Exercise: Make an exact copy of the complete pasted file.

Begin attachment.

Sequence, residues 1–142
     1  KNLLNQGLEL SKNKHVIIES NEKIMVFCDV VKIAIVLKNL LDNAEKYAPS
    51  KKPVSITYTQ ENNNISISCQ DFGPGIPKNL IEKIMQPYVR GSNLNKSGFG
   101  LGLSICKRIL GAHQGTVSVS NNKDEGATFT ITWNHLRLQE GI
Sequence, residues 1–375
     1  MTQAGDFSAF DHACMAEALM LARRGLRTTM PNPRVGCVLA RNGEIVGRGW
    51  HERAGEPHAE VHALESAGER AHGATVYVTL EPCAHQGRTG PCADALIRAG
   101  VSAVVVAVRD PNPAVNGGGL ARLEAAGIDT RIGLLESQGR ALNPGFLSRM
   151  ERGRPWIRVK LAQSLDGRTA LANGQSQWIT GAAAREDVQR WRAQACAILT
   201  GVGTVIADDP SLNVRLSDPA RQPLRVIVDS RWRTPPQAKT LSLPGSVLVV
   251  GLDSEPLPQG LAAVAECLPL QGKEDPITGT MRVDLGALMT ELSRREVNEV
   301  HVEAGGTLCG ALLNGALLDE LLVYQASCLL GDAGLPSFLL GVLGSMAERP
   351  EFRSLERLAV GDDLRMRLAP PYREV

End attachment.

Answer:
Sequence, residues 1–142
     1  KNLLNQGLEL SKNKHVIIES NEKIMVFCDV VKIAIVLKNL LDNAEKYAPS
    51  KKPVSITYTQ ENNNISISCQ DFGPGIPKNL IEKIMQPYVR GSNLNKSGFG
   101  LGLSICKRIL GAHQGTVSVS NNKDEGATFT ITWNHLRLQE GI
Sequence, residues 1–375
     1  MTQAGDFSAF DHACMAEALM LARRGLRTTM PNPRVGCVLA RNGEIVGRGW
    51  HERAGEPHAE VHALESAGER AHGATVYVTL EPCAHQGRTG PCADALIRAG
   101  VSAVVVAVRD PNPAVNGGGL ARLEAAGIDT RIGLLESQGR ALNPGFLSRM
   151  ERGRPWIRVK LAQSLDGRTA LANGQSQWIT GAAAREDVQR WRAQACAILT
   201  GVGTVIADDP SLNVRLSDPA RQPLRVIVDS RWRTPPQAKT LSLPGSVLVV
   251  GLDSEPLPQG LAAVAECLPL QGKEDPITGT MRVDLGALMT ELSRREVNEV
   301  HVEAGGTLCG ALLNGALLDE LLVYQASCLL GDAGLPSFLL GVLGSMAERP
   351  EFRSLERLAV GDDLRMRLAP PYREV